“Today, we commissioned USS Canberra into service, not just part of Littoral Combat Ship Squadron One, not just part of the United States Pacific Fleet. Today, we commissioned this ship into service as a combat unit that will integrate with the Australian fleet and with the combined maritime force of allies and partners who stand united across the entire Indo-Pacific,” he said.

The commissioning ceremony comes as the U.S. and Australia are formalizing deeper security ties as part of the AUKUS technology-sharing agreement. In the next several years, U.S. and U.K. Royal Navy nuclear submarines will forward deploy to western Australia with the goal of the RAN operating their own Virginia-class submarines bought from the U.S.

USS Canberra sails into Sydney Harbour prior to her commissioning. Royal Australian Navy Photo

For Canberra In the short term, the LCS will return home to San Diego. There, it will be fitted with specialist anti-surface warfare (ASuW) and mine countermeasure (MCM) systems before leaving on its first deployment, USNI News understands.

Both the Blue and Gold crews will also complete various remaining certifications ahead of entering a standard deployment cycle, which will likely include a rotational deployment to Destroyer Squadron Seven (DESRON 7), based out of Singapore, USNI News understands.

Cmdr. Bobby Barber, commander of USS Canberra Gold Crew, told USNI News that he’s “hopeful” a deployment will take place soon.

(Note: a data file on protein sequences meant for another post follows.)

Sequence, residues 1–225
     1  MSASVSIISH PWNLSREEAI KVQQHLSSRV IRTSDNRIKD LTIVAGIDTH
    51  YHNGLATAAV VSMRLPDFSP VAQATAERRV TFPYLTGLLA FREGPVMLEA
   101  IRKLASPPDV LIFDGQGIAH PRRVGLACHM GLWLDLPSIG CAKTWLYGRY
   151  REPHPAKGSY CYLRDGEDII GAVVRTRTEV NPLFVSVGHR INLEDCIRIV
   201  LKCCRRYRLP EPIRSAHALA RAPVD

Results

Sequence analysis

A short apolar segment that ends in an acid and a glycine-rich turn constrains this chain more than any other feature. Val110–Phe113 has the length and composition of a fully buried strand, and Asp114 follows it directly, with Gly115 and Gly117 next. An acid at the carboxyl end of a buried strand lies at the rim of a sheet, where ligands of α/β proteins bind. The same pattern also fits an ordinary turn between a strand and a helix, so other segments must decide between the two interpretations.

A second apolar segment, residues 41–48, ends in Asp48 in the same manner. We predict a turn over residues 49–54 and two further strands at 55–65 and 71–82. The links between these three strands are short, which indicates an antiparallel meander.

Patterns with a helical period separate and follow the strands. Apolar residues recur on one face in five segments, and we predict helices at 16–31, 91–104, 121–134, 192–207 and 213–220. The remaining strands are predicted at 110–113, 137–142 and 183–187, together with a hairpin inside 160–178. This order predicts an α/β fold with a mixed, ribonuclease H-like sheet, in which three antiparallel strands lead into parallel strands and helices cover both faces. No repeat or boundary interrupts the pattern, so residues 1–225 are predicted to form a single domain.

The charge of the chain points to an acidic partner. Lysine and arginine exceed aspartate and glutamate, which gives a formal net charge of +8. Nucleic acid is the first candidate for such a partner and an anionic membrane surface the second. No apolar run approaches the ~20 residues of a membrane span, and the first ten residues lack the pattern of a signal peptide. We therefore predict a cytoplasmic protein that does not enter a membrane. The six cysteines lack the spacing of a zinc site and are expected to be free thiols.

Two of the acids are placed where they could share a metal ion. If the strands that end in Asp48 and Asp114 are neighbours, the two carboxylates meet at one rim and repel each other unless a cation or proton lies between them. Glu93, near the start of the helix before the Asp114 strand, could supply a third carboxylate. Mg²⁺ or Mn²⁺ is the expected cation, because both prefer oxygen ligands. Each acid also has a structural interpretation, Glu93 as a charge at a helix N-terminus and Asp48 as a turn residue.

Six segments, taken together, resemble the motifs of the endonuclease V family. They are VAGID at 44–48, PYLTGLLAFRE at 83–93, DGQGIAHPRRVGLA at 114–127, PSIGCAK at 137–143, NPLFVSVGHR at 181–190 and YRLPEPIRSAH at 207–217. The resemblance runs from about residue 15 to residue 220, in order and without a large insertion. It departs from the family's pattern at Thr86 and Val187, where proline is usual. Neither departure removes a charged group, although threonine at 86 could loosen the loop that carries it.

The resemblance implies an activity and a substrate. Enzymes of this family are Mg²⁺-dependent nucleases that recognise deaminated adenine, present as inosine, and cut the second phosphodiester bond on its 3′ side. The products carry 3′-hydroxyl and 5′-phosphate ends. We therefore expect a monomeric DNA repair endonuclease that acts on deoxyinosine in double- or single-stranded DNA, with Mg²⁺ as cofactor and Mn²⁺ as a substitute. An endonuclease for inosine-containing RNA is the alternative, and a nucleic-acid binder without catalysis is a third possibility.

In the longer term, continued uncertainty about the fate of the Navy’s Littoral Combat Ships means that the vessel may or may not see out its full lifespan. In June, the House Armed Services Committee authorized the Navy to decommission two of Canberra’s sister ships, USS Jackson (LCS-6) and USS Montgomery (LCS-8), after less than 10 years of service.

Wherever Canberra operates it will carry a little bit of Australia wherever it goes. During the ceremony, Vice Adm. Mark Hammond, chief of the Royal Australian Navy, said that he had given permission for Canberra to sail with a modified version of the Red Kangaroo which adorns all Australian warships as a funnel emblem. He also confirmed that, for as long as Canberra is in service, at least one Australian officer or sailor will be aboard due to a permanent exchange program.

Adm. Michael Gilday, 32nd Chief of Naval Operations, and Australian Vice Adm. Chief of Navy Mark Hammond applaud while U.S. Navy Petty Officer 2nd Class Aiyanah Cruz and Australia Navy Able Seaman Matilda Brown unveil a kangaroo-shaped funnel emblem that will be mounted aboard USS Canberra (LCS-30) during the ship’s commissioning ceremony in Sydney, Australia July 22, 2023. DoD Photo

The Red Kangaroo, Hammond said, was originally adopted by the Royal Australian Navy to distinguish it from the Royal Navy. Gifting the symbol to Canberra, was Australia’s way of making an “indelible mark” on the historic commissioning ceremony.

“There will always be an Australian sailor or officer posted to this ship,” he said.
“An Australian Navy lieutenant is part of the ship’s company today and all of you, when you look to the superstructure you will see your own special Australian kangaroo.”

Benjamin Felton

Benjamin Felton is a freelance defense journalist based in Canberra, Australia.